Bringing in a minimum price of 40 pence per unit of alcohol would cut deaths and hospital admissions, according to a UK economist.
Writing in the BMJ, John Appleby, chief economist at a UK-based health think-tank called the King’s Fund, says the Government plans to introduce a minimum price would reduce alcohol consumption by over 2 per cent.
This would mean 38,900 fewer people would be admitted to hospital every year, and cut alcohol-related deaths by 1,149 per year – driven chiefly by a reduction in behavioural problems, liver disease, and alcohol poisoning.
As well as these issues, regularly drinking more than the recommended daily alcohol intake increases the risk of several types of cancer.
Alcohol is now much more affordable than 30 years ago, aside from brief periods since 1980 that generally coincide with economic recessions and lower disposable incomes.
Over the past five years, for instance, spending has fallen by 17 per cent in real terms – back to 1996 levels – due to Briton’s increasingly cash-strapped situation.
Therefore Appleby suggests “the impact of various price and non-price interventions to reduce drinking show significant impacts”.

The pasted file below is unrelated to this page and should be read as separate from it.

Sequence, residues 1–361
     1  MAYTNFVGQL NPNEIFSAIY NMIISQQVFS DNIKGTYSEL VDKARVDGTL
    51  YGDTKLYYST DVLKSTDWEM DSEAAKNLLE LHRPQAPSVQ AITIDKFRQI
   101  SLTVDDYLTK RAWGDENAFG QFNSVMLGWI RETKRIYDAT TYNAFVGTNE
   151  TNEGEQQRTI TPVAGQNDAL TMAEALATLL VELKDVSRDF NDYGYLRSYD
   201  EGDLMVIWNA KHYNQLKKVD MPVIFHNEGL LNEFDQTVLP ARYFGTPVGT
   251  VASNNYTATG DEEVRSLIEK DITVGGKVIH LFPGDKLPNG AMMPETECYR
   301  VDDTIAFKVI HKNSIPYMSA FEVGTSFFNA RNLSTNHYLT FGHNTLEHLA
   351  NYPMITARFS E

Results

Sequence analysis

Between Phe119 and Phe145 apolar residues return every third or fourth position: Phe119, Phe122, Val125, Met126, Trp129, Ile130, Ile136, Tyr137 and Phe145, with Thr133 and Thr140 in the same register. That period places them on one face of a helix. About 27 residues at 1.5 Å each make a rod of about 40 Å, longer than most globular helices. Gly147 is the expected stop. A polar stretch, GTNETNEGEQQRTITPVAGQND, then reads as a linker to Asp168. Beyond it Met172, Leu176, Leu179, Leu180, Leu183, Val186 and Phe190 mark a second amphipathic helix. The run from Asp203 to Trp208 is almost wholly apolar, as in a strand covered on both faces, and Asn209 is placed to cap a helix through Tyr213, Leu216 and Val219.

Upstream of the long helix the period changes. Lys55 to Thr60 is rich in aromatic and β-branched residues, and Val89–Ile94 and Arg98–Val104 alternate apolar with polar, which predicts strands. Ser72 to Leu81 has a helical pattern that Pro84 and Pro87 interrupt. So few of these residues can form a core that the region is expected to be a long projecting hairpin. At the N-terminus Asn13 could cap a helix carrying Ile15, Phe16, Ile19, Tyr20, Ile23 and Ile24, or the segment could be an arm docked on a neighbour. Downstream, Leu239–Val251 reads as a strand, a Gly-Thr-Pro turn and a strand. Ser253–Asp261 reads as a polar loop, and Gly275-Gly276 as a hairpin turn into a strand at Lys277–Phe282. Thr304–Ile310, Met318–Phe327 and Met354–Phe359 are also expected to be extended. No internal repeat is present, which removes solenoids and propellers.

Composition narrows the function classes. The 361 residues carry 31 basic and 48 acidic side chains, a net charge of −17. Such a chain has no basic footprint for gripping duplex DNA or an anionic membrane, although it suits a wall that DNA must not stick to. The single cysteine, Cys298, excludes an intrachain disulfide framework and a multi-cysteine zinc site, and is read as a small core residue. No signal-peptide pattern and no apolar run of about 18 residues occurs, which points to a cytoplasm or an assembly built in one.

Appleby also says that data on hospital admissions associated with alcohol suggest that the UK suffers from a “drinking problem”.
The number of alcohol-related hospital admissions doubled between 2002 and 2010 to around 265,000. Appleby notes that deaths due to alcohol also rose between 2001 and 2008, although they fell marginally in 2009, to 6,584 in England.
According to the economist, a 50 pence minimum price would more than double the positive effects yielded by the 40 pence minimum price. And economic recession has even greater “sobering” effects, he says.
Chit Selvarajah, Policy Advisor at Cancer Research UK, said: “There’s no doubt that alcohol can cause seven types of cancer, so it’s important to find ways to reduce consumption. We know that about 12,500 cases of cancer in 2010 were down to alcohol.
“Cancer Research UK therefore welcomes the introduction of minimum pricing as part of a wider strategy to reduce the consumption of alcohol and help prevent cancer.”
Copyright Press Association 2012
- Appleby, J. (2012). Drinking nation: have we had enough? BMJ, 344 (apr17 2) DOI: 10.1136/bmj.e2634